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Server selection methods in personal metasearch: A comparative empirical study

Thomas, Paul; Hawking, David

Description

Server selection is an important subproblem in distributed information retrieval (DIR) but has commonly been studied with collections of more or less uniform size and with more or less homogeneous content. In contrast, realistic DIR applications may feature much more varied collections. In particular, personal metasearch-a novel application of DIR which includes all of a user's online resources-may involve collections which vary in size by several orders of magnitude, and which have highly...[Show more]

dc.contributor.authorThomas, Paul
dc.contributor.authorHawking, David
dc.date.accessioned2015-12-10T22:35:21Z
dc.identifier.issn1386-4564
dc.identifier.urihttp://hdl.handle.net/1885/56254
dc.description.abstractServer selection is an important subproblem in distributed information retrieval (DIR) but has commonly been studied with collections of more or less uniform size and with more or less homogeneous content. In contrast, realistic DIR applications may feature much more varied collections. In particular, personal metasearch-a novel application of DIR which includes all of a user's online resources-may involve collections which vary in size by several orders of magnitude, and which have highly varied data. We describe a number of algorithms for server selection, and consider their effectiveness when collections vary widely in size and are represented by imperfect samples. We compare the algorithms on a personal metasearch testbed comprising calendar, email, mailing list and web collections, where collection sizes differ by three orders of magnitude. We then explore the effect of collection size variations using four partitionings of the TREC ad hoc data used in many other DIR experiments. Kullback-Leibler divergence, previously considered poorly effective, performs better than expected in this application; other techniques thought to be effective perform poorly and are not appropriate for this problem. A strong correlation with size-based rankings for many techniques may be responsible.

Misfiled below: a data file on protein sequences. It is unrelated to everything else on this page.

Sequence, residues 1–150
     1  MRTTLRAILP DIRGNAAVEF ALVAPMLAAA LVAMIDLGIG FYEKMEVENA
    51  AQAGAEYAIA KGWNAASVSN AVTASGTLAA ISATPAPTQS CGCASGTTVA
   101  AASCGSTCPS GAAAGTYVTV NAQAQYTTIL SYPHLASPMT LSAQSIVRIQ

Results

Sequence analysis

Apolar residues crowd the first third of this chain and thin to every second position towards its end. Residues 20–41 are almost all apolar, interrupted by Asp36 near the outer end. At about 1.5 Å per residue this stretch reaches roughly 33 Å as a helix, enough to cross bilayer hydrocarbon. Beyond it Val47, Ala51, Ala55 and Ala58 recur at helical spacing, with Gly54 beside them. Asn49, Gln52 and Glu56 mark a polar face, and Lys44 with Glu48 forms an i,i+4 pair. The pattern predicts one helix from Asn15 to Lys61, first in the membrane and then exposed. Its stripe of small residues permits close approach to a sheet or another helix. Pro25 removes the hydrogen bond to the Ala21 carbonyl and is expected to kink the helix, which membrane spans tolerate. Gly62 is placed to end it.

dc.publisherKluwer Academic Publishers
dc.sourceInformation Retrieval
dc.subjectKeywords: Distributed information retrieval; Server selection
dc.titleServer selection methods in personal metasearch: A comparative empirical study
dc.typeJournal article
local.description.notesImported from ARIES
local.identifier.citationvolume12
dc.date.issued2009
local.identifier.absfor080704 - Information Retrieval and Web Search
local.identifier.ariespublicationu8803936xPUB356
local.type.statusPublished Version
local.contributor.affiliationThomas, Paul, College of Engineering and Computer Science, ANU
local.contributor.affiliationHawking, David, College of Engineering and Computer Science, ANU
local.description.embargo2037-12-31
local.bibliographicCitation.issue5
local.bibliographicCitation.startpage581
local.bibliographicCitation.lastpage604
local.identifier.doi10.1007/s10791-009-9094-z
dc.date.updated2016-02-24T11:44:20Z
local.identifier.scopusID2-s2.0-78049307287
local.identifier.thomsonID000269320200004
CollectionsANU Research Publications

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